The Reverend Thomas Sedgwick Whalley and the Queen of Bath
March 20 @ 7:30 pm - 9:30 pm
Prof. Chris Stevens will be talking about the results of his research into the life of Thomas Sedgwick Whalley which he has recently published. He retired in 2002 after 35 years in academic dentistry spent teaching orthodontics and undertaking pioneering work in the application of computers to dentistry and dental education. He is also a dry stone waller and in 2006 was asked by the Woodland Trust if he could help restore the perimeter wall of their Dolebury Warren Wood property on the north slope of the Mendips. Chris discovered that the walls had formed part of the estate which surrounded Mendip Lodge, an Italianate house built in 1790 by Reverend Dr. Thomas Sedgwick Whalley.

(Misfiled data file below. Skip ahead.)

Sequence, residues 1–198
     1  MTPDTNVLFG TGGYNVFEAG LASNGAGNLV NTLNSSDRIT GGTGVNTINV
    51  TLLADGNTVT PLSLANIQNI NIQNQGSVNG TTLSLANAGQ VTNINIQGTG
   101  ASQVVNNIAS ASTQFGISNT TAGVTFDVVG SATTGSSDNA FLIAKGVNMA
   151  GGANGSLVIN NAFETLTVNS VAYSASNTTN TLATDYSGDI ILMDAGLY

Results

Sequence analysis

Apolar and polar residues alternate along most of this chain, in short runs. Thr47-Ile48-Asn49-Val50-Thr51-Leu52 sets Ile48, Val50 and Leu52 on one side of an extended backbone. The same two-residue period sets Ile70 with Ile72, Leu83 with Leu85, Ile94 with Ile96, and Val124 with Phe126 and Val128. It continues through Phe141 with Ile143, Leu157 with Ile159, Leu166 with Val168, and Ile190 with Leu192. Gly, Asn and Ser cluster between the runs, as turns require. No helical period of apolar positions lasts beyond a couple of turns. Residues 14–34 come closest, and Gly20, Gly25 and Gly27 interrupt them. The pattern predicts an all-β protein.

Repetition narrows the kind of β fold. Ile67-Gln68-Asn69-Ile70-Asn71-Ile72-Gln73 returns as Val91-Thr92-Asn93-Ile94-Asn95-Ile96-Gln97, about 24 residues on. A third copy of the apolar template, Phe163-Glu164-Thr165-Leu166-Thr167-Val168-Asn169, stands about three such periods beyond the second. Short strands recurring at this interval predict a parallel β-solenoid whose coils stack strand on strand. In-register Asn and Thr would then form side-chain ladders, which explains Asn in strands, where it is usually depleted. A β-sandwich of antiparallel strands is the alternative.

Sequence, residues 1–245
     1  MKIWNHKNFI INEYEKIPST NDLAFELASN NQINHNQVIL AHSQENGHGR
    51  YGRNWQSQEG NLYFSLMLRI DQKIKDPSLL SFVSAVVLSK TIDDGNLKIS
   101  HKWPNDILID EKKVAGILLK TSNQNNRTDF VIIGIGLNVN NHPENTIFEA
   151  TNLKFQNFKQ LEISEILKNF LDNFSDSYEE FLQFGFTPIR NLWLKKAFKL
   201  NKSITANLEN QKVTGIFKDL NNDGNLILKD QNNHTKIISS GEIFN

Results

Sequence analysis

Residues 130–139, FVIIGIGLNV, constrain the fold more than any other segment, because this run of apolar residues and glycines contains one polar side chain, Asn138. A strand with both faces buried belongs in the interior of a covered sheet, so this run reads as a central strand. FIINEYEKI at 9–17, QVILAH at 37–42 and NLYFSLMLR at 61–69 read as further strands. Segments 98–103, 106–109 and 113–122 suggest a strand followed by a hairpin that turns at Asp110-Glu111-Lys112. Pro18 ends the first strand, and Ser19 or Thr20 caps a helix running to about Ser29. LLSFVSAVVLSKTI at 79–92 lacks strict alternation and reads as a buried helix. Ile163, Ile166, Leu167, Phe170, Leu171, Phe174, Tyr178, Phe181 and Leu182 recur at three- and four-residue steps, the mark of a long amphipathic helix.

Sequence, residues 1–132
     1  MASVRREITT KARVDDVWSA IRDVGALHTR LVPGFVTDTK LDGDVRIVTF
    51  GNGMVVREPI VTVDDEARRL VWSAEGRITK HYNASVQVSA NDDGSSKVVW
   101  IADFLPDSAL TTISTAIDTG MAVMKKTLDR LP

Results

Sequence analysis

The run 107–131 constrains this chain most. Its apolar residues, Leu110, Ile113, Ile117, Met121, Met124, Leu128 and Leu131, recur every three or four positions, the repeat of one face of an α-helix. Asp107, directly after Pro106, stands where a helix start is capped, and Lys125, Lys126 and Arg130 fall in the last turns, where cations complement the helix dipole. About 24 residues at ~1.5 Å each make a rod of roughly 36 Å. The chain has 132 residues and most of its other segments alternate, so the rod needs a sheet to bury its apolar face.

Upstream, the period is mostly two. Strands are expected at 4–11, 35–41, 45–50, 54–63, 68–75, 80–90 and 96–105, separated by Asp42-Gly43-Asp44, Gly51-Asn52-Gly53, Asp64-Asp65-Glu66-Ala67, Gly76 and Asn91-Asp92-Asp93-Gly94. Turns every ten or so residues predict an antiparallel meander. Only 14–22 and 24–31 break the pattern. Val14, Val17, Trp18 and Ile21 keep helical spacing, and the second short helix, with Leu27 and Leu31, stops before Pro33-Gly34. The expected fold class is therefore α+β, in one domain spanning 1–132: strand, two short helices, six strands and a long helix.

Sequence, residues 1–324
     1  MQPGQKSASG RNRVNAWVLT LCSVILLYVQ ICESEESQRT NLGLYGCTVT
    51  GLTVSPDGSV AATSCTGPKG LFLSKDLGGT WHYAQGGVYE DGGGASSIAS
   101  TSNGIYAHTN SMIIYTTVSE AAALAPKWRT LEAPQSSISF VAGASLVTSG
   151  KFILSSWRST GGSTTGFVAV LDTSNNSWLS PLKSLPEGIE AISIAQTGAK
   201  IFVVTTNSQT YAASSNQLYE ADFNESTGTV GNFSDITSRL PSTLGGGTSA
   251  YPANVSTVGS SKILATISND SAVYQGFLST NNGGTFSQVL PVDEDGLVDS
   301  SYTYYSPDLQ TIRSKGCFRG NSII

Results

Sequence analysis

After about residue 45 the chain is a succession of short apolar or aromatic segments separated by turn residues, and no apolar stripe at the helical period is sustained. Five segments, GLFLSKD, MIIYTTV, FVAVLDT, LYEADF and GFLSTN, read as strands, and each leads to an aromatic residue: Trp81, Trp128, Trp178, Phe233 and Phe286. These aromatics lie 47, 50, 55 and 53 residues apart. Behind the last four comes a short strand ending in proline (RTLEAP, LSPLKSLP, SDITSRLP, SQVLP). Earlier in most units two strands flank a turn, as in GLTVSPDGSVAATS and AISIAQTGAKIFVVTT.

One of the most influential figures of his day Reverend Doctor Thomas Sedgwick Whalley (1746-1828) was a playwright and socialite, poet, pamphleteer, traveller and horticulturist, and lived a life of extravagance, generosity and intellect. He married a series of rich widows, the first of whose riches enabled him to buy a house in Royal Crescent Bath which became a centre of social life in Bath at the end of the 18th century.